The Appraisal Process
Thousands of commercial appraisals are ordered every day. If you own or have owned a commercial building, chances are that a commercial appraisal was ordered by your lending institution to evaluate the value of the property against the loan amount. An appraisal simply provides an educated opinion of the value in order to mitigate risk. If you’ve ever found yourself wondering what goes into a commercial appraisal, I’m here to shed some light.
To begin the process, the appraiser gathers data about the property in an attempt to evaluate its relative desirability. In particular, the economic, physical, and legal characteristics are evaluated. Typically, areas with high population, employment, and income growth are preferred. Physical characteristics consider the type, age, design, and functional utility of the improvements. Newer buildings with a modern design and layout often command premium prices. Legal aspects also have a significant impact on value. For example, the right to develop a residential tract with a higher number of dwelling units will generally result in a higher price.
Highest and Best Use
Data collected during the initial phase of the appraisal assignment culminates in an opinion of the ‘Highest and Best’ use of the property. A highest and best use analysis of the property ‘as vacant’ and ‘as improved’ (for improved sites or proposed improvements) enables the appraiser to evaluate how the property might best be utilized by market participants. Four criteria are used in this analysis. These include uses that are:
1) Legally Permissible
2) Physically Possible
3) Economically Feasible
4) Maximally Productive.
Such an analysis allows the appraiser to conclude a use that maximizes the overall property value and facilitates the identification of sales of property with similar overall utility, commonly referred to as ‘comparable sales’. This process also helps assess if improvements to the site (if any) have a positive or negative contribution to the overall value.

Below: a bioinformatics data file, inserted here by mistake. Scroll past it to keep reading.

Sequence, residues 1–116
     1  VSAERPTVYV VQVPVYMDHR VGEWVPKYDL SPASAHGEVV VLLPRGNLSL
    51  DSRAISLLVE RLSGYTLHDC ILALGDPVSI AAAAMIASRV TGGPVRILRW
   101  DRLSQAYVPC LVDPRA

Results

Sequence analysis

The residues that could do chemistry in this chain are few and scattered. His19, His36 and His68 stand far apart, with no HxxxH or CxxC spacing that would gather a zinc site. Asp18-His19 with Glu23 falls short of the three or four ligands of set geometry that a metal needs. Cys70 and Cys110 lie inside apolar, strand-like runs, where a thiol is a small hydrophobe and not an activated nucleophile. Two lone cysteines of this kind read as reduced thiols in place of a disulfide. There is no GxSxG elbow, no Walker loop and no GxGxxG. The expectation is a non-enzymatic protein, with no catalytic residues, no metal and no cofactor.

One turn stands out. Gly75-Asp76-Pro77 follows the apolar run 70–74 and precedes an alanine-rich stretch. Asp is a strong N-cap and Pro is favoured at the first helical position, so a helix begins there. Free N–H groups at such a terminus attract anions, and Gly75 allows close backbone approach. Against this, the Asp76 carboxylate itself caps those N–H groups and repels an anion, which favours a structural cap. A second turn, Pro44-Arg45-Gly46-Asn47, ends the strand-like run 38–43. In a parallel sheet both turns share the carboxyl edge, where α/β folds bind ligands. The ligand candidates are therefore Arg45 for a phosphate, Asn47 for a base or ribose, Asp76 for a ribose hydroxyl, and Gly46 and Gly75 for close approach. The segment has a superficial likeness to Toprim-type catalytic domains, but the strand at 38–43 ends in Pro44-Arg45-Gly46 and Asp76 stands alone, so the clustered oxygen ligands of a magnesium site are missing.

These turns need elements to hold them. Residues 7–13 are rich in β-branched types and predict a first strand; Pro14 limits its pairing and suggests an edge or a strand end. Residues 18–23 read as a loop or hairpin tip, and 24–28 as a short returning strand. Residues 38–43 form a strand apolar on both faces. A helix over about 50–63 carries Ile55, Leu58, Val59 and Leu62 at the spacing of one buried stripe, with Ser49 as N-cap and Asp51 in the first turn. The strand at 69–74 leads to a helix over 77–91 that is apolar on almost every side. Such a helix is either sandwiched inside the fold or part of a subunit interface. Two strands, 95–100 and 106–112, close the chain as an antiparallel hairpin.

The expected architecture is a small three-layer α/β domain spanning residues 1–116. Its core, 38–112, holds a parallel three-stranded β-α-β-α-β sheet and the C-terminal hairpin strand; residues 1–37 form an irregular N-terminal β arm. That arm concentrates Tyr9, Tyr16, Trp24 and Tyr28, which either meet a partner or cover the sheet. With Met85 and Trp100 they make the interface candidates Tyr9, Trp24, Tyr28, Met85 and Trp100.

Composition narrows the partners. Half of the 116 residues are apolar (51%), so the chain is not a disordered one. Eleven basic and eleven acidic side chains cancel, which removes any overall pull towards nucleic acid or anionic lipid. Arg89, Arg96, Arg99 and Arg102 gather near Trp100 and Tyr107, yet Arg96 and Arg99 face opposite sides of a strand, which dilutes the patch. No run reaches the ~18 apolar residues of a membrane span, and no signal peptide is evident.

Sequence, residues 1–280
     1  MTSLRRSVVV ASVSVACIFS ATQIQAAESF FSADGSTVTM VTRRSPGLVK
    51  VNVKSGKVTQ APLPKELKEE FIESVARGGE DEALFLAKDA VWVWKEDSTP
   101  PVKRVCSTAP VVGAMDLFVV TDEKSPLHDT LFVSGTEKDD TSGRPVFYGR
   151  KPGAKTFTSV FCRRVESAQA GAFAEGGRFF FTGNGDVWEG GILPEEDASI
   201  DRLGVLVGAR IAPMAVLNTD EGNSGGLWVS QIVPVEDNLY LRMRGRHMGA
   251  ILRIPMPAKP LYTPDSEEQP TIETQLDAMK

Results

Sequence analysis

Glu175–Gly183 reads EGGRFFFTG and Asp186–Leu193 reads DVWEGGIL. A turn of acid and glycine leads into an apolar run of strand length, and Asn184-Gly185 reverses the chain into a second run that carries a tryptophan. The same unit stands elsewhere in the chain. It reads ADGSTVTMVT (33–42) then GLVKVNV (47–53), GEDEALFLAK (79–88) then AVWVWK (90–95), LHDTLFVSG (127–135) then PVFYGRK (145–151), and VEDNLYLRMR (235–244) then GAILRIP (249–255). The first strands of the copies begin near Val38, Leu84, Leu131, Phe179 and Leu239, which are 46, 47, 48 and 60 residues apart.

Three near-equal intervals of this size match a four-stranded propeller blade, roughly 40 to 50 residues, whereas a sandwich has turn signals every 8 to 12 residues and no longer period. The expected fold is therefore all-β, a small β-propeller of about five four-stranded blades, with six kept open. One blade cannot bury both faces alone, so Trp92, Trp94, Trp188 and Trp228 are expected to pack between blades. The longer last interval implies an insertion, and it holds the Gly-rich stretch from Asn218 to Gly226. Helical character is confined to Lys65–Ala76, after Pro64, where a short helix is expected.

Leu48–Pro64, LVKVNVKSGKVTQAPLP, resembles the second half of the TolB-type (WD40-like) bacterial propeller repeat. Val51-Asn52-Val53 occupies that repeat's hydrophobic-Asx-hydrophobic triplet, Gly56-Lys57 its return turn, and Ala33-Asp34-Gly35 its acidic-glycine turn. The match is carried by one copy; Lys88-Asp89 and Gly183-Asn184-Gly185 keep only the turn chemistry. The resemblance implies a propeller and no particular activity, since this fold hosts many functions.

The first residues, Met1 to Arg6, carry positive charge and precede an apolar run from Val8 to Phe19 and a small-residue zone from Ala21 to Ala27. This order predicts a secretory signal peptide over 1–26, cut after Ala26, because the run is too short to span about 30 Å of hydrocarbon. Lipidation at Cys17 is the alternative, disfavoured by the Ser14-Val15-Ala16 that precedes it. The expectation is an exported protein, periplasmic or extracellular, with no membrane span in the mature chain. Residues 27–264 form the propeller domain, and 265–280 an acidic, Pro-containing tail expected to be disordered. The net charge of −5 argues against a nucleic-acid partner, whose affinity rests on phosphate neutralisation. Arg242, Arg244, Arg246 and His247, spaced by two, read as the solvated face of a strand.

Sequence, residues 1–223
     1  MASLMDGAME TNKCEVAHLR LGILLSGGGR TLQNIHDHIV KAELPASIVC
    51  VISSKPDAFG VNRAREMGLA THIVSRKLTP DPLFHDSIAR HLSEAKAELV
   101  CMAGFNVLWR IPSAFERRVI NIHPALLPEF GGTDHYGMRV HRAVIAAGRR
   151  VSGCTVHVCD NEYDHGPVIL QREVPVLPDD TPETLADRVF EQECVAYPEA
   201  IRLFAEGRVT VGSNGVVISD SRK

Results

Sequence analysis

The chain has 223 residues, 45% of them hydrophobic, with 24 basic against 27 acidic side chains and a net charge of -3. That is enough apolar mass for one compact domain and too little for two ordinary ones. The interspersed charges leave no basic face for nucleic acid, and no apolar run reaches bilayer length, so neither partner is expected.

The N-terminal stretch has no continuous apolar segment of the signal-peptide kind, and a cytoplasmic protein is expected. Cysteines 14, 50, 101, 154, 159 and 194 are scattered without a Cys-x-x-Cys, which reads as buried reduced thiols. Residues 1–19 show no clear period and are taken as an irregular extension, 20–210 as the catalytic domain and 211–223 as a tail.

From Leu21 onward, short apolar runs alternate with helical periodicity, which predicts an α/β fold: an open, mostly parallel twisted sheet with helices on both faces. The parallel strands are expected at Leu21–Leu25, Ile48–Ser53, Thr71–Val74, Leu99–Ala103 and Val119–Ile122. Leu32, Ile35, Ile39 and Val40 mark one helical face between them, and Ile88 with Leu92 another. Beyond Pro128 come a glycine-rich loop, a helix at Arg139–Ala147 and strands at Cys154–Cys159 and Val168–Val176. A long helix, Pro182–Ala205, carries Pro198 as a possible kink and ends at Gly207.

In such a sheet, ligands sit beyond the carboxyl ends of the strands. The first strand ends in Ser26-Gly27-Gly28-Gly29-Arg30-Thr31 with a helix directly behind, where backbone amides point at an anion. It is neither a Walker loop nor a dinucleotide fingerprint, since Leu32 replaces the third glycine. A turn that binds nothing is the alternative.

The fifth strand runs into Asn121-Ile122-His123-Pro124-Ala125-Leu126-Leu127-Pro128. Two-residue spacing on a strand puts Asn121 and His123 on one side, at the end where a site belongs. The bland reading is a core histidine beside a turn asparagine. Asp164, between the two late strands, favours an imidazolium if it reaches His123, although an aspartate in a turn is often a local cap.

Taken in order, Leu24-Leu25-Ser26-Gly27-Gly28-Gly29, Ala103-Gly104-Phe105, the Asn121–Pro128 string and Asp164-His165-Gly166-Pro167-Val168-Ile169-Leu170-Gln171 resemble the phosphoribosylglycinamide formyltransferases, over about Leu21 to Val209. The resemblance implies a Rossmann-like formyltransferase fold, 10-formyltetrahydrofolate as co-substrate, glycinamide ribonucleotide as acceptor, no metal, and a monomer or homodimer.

Generally speaking, there are three different valuation methods:
- The Cost Approach
- The Sales Comparison Approach
- The Income Approach
Each of these techniques is based on commonly accepted valuation theory and may, or may not, be applicable to various property types. For example, the cost approach would not normally be used to form an opinion of vacant land. The sales comparison approach may not be applicable to property types that are highly heterogeneous or where an inadequate supply of sales data exists (e.g. a nuclear power plant). The income approach is not typically meaningful for single family residences but is often used to value improvements specifically designed to generate rental income.
If more than one valuation technique is used and they result in different values, a reconciliation weighs their strengths and weaknesses, and the quantity and quality of data available. Often, the appraiser contemplates the criteria that would likely be used by the most likely purchaser for the specific property type under consideration before concluding a single or ‘final’ opinion of value.
The steps outlined above provide you with a broad overview of the appraisal process. As with any other profession, experience and education only serve to enhance the reliability. If you are curious about a specific aspect of the appraisal process, please feel free to call or email me for a quote. I’m available 24/7/365 on my cell phone.